Sapin Sapin

Sapin-sapin is one example of the Philippine’s sweet delicacies made with glutenous rice. The literal translation of “layers,” sapin-sapin is made with sweet coconut milk and rice flour, and each layer has a different flavor. In my version, it is layers of cooconut, ube (purple…

Sapin Sapin

Sapin-sapin is one example of the Philippine’s sweet delicacies made with glutenous rice. The literal translation of “layers,” sapin-sapin is made with sweet coconut milk and rice flour, and each layer has a different flavor. In my version, it is layers of cooconut, ube (purple yam or taro) and langka (jackfruit).

Sapin-sapin is one example of the Philippine's sweet delicacies made with glutenous rice. The literal translation of

While most children beg for brownies, cupcakes and Rice Krispy Treats, ask my daughter what her favorite dessert is, and she will likely surprise you. Her most requested treat is a brightly hued, tri-colored delicacy, layered and sticky, and rich in sweet coconut flavors. And I will admit to you that it is with pride on my part that she favors the Filipino native dessert Sapin-Sapin, because it proves she is her mother’s daughter.

We both adore what is called kakanin in the Philippines, the word that is used to describe the delicacies made of glutenous rice, also known as malagkit (sticky). Other examples of kakanin include Suman, which is a specialty of my maternal grandfather’s province of Bicol, Bibingka, and Puto. Growing up, my favorite was Cuchinta (or Kutsinta), a brown rice cake served with freshly grated coconut. Any time we attend a family gathering where there is a table of these delicacies displayed, my little girl will happily fill her plate with a variety of them, but of them all, her favorite is the Sapin-Sapin.

I can’t blame her. The colors are vibrant and so appealing! Sapin-Sapin literally means “layers,” and although the whole dessert is made with sweet coconut milk and sticky rice flour, each layer may have a different flavor. Food coloring is typically the source of the pigment, but the deep violet color is usually flavored with real ube, or taro. Sometimes, the golden yellow is enhanced with sweet mais (corn) or langka (jackfruit).

She has been begging me to make Sapin-Sapin, and it’s not something I typically make. For me,  kakanin is something you buy or order from a caterer. That’s just the way it is. But my daughter’s enthusiasm inspired me, and I became just as eager to make this dessert. My version uses not only ube (taro), but langka in the yellow layer, as well. I omit the traditional latik (a browned, caramelized coconut extracted from coconut cream) topping, and stick with just toasted coconut sugar as garnish, simply for personal preference.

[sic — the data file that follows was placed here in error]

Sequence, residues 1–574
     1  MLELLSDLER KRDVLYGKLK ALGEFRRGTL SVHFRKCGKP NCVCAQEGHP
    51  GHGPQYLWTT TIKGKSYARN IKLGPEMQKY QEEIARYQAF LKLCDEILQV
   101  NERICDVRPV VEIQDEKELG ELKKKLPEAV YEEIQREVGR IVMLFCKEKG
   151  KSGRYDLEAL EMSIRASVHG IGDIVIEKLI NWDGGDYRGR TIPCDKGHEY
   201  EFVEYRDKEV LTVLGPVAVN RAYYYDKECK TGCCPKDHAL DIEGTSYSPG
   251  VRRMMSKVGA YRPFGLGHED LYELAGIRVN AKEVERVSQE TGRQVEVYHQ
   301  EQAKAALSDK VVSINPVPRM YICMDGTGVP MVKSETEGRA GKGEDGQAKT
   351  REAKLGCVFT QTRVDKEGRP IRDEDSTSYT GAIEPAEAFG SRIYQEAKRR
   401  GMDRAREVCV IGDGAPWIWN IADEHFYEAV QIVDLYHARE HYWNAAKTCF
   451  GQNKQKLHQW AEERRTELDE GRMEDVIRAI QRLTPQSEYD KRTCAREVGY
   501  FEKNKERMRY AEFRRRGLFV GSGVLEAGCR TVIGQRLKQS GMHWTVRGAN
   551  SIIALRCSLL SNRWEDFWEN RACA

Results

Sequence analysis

The dessert was ready when my daughter came home from school last Friday and you should have seen her eyes light up at the sight of these translucent orbs of sticky goodness. I was pleased with how they turned out, and so was she. Even our cat stole a taste! It may be some time before we can plan a trip to visit the Philippines, but in the meantime, at least we’ll have Sapin-Sapin.

Sapin-Sapin

Makes one 9 inch "cake."

Sapin-sapin is one example of the Philippine’s sweet delicacies made with glutenous rice. The literal translation of “layers,” sapin-sapin is made with sweet coconut milk and rice flour, and each layer has a different flavor. In my version, it is layers of cooconut, ube (purple yam) and langka (jackfruit).

Ingredients

  • banana leaves (optional) or parchment paper
  • coconut oil or cooking spray
  • 1 cup sweet rice flour (glutinous)
  • 1 cup granulated sugar
  • 1 13.5 oz can of coconut milk (gata)
  • 1 14 oz can of condensed milk
  • 1/4 cup canned ube (purple yam), drained
  • 1/4 cup langka (jackfruit), canned or jarred, drained
  • violet and yellow food coloring (If the idea of this bothers you, consider these vegetable based, natural food colorings. They are pricey, but might be worth it!)
  • coconut sugar, for topping (see recipe below)

Instructions

Sapin-Sapin
A blender helps to achieve a smooth batter, however, if you do not have one, a whisk and some arm power will do just fine. You will also need a large pot/wok/steamer.

Prepare a dish (I used a spring-form pan) by lining the bottoms and sides with banana leaves or parchment paper. Brush lightly with coconut or canola oil, or spray lightly with cooking spray.

Whisk together rice flour and sugar. Add to coconut milk and condensed milk and blend (or whisk well) until smooth. Divide into three portions, about 1 1/3 cup each. Leave one portion white. Take the second portion and blend in the ube and a few drops of violet food coloring until you achieve a rich purple color. Take the third portion and do the same with the langka and yellow food coloring.

Prepare a steamer and set water to boil.

Beginning with the purple ube batter, pour into prepared pan/dish. Carefully place into the steamer and cover. Steam for about 30 minutes, or until an inserted toothpick comes out clean. Pour the yellow langka layer and steam for another 30 minutes or until set. Finally, pour the final white layer and steam 30 minutes or until set.

Carefully remove the Sapin-Sapin from the steamer and allow to cool completely. Chill in the refrigerator until ready to serve. Slice in wedges (or use a round cutter as I have), and serve with coconut sugar.

Coconut Sugar

  • 1 cup coconut flakes
  • 4 tablespoons sugar (to taste)

In a skillet over medium low heat, toast coconut flakes until just golden brown, stirring frequently. Add sugar and stir till you reach desired color.

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